My Life: Interview with Makoto Kitanishi, political scientist, Part 6

Studies under Imanaka

by Masami Nishimoto, Senior Staff Writer

Led into the life of a researcher

In 1952 Mr. Kitanishi entered graduate school at Kyushu University, where he studied under Tsugimaro Imanaka, who was an authority on political science.

I went home during the New Year’s vacation and called on Mr. Imanaka. When I told him I didn’t get along with my coworkers at Ube Industries, he said, “You’re not cut out to be a company worker. If you come here to do research, you can study under me.” I had spent my undergrad years participating in the student movement and playing rugby, so I was a little anxious about it, but I took him up on his offer.

Unlike the current system, the stipend for special research scholars was 10,000 yen, more than the 7,000 yen starting salary of a research assistant. So I decided to be a research scholar, and in May of that year I got married.

For new grad students the classroom was also our office. In those days Mr. Imanaka’s family was in Tokyo, and he lived in a boarding house. So he came to the university very early in the morning. Hiroshi Yamada (later a professor in Hiroshima University’s Faculty of Integrated Arts and Sciences), who was two years ahead of me, was very conscientious and got to school even earlier, but I had trouble getting up in the morning, so I usually sneaked in around 9 o’clock. Nothing was said to me about that, but I was spoken to about the way I did my research into political science.

I went from the history of political thought to the study of political science, but you can also start with the theory of political movements. After Mr. Imanaka found out that I could understand English, I ended up studying England’s political party system. But he didn’t tell me what to read. After one month you had to report to him on what you had done. Depending on what you said, Mr. Imanaka might get up out of his seat during your report. If that happened two or three times it was his way of letting you know that you weren’t cut out to be a research scholar.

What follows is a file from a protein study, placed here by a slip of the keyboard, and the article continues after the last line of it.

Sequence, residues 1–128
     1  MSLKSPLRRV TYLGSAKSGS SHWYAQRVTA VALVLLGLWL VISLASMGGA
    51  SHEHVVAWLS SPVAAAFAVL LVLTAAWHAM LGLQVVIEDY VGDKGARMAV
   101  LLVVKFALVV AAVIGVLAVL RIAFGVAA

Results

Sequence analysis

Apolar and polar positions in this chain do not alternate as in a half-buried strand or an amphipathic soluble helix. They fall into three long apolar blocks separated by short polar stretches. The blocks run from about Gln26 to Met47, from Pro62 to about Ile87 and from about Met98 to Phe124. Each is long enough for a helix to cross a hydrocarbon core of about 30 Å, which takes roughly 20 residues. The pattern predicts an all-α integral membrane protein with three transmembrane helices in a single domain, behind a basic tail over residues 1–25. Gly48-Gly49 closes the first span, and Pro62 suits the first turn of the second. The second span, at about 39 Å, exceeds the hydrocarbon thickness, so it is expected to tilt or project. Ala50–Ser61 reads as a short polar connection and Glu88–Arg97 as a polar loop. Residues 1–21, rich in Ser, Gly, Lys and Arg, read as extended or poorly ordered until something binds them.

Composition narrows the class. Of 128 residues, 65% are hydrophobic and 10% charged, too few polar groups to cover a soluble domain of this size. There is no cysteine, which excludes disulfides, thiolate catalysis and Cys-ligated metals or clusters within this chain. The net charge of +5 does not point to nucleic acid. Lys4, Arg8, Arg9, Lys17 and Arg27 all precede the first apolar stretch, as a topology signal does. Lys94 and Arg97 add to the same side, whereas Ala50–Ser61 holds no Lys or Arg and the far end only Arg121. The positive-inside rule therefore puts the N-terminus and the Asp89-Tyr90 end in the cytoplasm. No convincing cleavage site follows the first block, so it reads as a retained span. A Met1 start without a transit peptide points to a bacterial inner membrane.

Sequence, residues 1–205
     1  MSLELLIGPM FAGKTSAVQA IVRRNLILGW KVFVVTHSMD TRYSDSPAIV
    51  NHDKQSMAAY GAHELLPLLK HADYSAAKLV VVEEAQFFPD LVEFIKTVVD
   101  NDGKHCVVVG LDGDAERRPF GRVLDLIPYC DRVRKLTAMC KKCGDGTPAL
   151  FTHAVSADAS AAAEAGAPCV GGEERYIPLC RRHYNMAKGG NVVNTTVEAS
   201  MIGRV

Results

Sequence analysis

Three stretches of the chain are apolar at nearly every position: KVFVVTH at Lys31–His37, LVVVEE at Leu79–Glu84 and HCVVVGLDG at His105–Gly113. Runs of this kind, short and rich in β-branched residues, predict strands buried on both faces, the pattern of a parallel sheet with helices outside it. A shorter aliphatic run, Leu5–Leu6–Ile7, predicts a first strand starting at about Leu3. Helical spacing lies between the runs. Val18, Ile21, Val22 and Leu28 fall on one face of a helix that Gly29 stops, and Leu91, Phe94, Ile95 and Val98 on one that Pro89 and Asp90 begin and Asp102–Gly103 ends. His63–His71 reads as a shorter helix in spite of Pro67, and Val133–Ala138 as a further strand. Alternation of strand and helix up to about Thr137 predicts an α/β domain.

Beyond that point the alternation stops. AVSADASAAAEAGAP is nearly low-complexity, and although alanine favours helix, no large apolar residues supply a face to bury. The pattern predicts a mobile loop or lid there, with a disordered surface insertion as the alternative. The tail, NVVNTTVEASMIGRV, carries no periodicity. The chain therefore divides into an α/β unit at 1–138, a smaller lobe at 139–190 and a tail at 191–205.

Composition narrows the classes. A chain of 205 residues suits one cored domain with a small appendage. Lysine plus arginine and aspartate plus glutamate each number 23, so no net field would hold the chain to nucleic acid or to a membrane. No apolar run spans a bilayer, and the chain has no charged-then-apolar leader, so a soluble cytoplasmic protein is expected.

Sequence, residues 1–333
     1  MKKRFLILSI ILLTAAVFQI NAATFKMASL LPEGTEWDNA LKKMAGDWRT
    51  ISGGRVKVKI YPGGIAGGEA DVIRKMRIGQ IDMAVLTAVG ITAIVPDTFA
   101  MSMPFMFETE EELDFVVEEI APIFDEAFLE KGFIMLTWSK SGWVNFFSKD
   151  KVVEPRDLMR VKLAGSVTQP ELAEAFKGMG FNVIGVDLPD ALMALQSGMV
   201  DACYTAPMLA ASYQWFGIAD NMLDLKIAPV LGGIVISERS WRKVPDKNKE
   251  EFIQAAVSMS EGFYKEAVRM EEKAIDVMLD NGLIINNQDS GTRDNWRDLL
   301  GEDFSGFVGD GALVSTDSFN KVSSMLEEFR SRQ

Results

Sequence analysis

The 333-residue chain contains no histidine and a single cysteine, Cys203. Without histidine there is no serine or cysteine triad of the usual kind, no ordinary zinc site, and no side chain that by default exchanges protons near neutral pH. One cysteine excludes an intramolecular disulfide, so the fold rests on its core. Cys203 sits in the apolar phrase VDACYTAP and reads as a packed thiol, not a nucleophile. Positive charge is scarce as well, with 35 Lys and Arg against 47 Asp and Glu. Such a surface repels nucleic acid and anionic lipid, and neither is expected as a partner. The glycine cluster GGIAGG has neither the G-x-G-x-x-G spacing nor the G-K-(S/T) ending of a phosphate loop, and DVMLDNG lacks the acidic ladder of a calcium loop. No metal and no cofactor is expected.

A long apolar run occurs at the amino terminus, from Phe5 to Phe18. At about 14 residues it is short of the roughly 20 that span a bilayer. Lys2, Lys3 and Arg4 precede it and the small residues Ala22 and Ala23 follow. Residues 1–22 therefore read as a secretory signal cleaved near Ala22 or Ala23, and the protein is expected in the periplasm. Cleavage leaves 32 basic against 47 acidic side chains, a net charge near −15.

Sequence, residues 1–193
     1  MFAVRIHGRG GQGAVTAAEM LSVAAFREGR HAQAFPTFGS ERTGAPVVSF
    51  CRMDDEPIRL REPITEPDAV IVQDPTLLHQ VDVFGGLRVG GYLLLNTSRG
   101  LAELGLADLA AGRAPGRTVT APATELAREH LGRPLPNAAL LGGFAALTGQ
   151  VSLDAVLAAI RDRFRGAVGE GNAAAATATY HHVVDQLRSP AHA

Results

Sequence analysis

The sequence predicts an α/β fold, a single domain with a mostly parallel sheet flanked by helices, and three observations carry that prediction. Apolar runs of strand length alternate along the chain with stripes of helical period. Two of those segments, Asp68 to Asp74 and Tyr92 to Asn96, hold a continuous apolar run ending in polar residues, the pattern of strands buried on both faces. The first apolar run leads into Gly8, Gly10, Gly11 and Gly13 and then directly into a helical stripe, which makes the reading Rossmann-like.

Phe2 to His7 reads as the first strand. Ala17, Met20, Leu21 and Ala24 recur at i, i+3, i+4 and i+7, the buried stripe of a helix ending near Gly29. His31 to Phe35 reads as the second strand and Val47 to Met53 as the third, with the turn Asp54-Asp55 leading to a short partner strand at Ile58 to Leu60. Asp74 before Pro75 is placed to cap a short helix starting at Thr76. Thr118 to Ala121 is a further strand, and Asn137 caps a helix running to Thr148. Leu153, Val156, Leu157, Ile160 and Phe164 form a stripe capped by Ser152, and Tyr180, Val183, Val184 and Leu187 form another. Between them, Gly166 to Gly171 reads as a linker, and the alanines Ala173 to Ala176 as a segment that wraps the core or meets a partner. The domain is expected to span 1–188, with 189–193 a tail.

He also said researchers should immerse themselves in their studies for three years. But after six months I was named to the board of the university’s teachers’ union. Mr. Imanaka ended up taking phone calls for me from the union’s secretariat in the teachers’ office. “It’s for you again,” he’d say. But he let me keep studying with him. I was his last student – the baby – at Kyushu University, and he spoiled me in some ways.

Mr. Imanaka (1893-1980), who was the great-grandson of a chief retainer of the feudal clan in Hiroshima, was invited to join the Faculty of Politics and Economics at Hiroshima University in 1949 and went to work there in 1953.

My union activities really got going in May 1954, and I became a member of the Central Executive Committee of the Japan Teachers’ Union. Two members of the committee were from universities. I traveled all over organizing unions at universities throughout Japan. The president of Kyushu University, who had graduated from the Faculty of Law, didn’t look kindly on my activities. He thought it was strange that I was serving on the union’s Central Executive Committee while still a graduate student. He must have mentioned this to Mr. Imanaka, who contacted me asking if I’d like to come to Hiroshima University. He got me a post as a research assistant.

(Originally published on April 16, 2013)